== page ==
UMass Boston professor may be 5th measles case in area
Campus urged to take precautions
A University of Massachusetts Boston professor is suspected of having measles, the fifth confirmed or suspected case of the highly contagious disease to be reported in the past two weeks, city health authorities said last night.
The faculty member, who is in his 40s and teaches about 45 students, informed university officials Monday that he had been diagnosed with a possible case of the respiratory illness, heralded by a fever, cough, runny nose, and telltale rash.
The university and the Boston Public Health Commission are telling students, faculty, and staff who might have had contact with the professor and who have not been vaccinated or previously exposed to the disease to remain close to home for the next three weeks.
It can take that long for doctors to be certain that someone is not carrying the disease.
“Although we believe a limited number of people may have been exposed, we encourage our entire campus community to take precautions,’’ UMass Boston administrators said in a statement.
Measles vaccine is being offered by the university’s health services office during regular hours in hope of forestalling a possible outbreak.
There was no immediate evidence that the professor, who was not identified because of patient confidentiality laws, had contact with a worker at the French Consulate in the Back Bay who tested positive last month for the disease.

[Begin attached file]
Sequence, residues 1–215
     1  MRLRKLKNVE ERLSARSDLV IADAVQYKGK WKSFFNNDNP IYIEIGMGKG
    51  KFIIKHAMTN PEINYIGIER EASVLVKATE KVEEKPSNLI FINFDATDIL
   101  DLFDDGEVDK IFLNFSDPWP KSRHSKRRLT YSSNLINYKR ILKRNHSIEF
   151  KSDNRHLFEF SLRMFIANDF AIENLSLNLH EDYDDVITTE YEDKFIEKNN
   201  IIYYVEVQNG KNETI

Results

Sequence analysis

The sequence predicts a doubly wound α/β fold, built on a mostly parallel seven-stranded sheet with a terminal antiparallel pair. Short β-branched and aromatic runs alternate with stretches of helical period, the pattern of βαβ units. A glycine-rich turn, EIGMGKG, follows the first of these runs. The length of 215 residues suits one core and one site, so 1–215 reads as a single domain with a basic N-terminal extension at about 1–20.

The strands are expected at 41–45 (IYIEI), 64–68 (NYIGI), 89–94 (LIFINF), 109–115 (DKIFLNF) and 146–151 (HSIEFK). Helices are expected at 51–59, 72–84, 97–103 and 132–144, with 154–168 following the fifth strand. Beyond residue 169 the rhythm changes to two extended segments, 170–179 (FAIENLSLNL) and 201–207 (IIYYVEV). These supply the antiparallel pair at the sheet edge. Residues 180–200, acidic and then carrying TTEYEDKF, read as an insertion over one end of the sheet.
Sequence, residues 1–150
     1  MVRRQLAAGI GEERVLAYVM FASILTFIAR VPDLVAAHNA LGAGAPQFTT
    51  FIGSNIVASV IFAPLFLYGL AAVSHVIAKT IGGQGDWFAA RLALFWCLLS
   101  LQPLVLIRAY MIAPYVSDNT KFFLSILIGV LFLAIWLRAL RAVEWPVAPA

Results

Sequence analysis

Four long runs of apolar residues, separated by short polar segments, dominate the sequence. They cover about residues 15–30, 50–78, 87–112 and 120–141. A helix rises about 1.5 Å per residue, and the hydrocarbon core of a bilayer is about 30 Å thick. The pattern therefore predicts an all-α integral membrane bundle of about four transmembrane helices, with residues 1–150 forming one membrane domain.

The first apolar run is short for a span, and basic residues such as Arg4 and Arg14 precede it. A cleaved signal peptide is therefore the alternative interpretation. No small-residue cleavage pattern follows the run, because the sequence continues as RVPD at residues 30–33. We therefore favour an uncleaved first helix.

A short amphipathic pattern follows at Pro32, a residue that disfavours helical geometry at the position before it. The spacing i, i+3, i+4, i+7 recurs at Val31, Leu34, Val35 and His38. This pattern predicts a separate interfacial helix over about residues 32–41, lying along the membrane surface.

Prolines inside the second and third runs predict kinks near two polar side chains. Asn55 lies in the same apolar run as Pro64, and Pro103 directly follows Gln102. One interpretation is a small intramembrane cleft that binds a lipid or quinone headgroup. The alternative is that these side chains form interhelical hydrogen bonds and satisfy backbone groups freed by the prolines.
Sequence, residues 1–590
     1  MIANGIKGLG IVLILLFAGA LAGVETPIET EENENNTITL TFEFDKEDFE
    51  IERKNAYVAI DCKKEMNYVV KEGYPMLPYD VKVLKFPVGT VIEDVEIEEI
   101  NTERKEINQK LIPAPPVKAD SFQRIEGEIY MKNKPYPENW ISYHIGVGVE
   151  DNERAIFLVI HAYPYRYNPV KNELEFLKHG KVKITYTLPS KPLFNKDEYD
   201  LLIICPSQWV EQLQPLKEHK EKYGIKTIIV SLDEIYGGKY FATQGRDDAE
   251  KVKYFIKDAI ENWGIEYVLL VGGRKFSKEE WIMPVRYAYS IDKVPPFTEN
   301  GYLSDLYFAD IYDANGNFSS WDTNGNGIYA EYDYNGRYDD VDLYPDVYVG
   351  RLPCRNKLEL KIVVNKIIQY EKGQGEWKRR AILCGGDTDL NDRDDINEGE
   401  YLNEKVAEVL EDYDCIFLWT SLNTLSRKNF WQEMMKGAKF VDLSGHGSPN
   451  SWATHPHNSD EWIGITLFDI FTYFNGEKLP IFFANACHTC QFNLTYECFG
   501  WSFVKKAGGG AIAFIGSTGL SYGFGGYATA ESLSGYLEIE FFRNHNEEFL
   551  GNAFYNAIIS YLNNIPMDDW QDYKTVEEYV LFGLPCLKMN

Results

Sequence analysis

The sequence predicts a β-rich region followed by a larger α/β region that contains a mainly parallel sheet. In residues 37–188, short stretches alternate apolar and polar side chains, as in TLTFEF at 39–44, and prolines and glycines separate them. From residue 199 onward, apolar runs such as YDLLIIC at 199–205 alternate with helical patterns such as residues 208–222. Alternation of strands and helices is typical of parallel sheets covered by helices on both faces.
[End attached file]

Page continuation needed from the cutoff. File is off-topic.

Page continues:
There is also no evidence that the professor had traveled outside the United States recently, said Ann Scales, chief spokeswoman for the city health agency.
“There’s a lot of measles going on in different parts of the world, and we’re an international city,’’ Scales said.
The only confirmed case of measles so far involves the French Consulate worker, who arrived in Boston in late January. Three Boston-area adults were identified last week as having symptoms consistent with measles.
Laboratory tests are being performed on those patients, as well as on the UMass professor, to confirm that they have the disease; measles symptoms can mimic those of other infectious diseases.
Most people in the United States have little reason to worry about catching measles. Younger Americans have been widely vaccinated against it, and most older Americans have natural immunity because they were exposed in an era when the disease widely circulated.
Immigrants and travelers from nations where vaccination is less frequent are considered at risk, as are people who received vaccine in the 1960s that was less potent than later formulations.
Disease trackers respond swiftly to potential outbreaks because measles spreads with such speed and ease.
Last week, Boston health authorities immunized 205 people in the Back Bay office building where the French Consulate has offices.
Stephen Smith can be reached at firstname.lastname@example.org.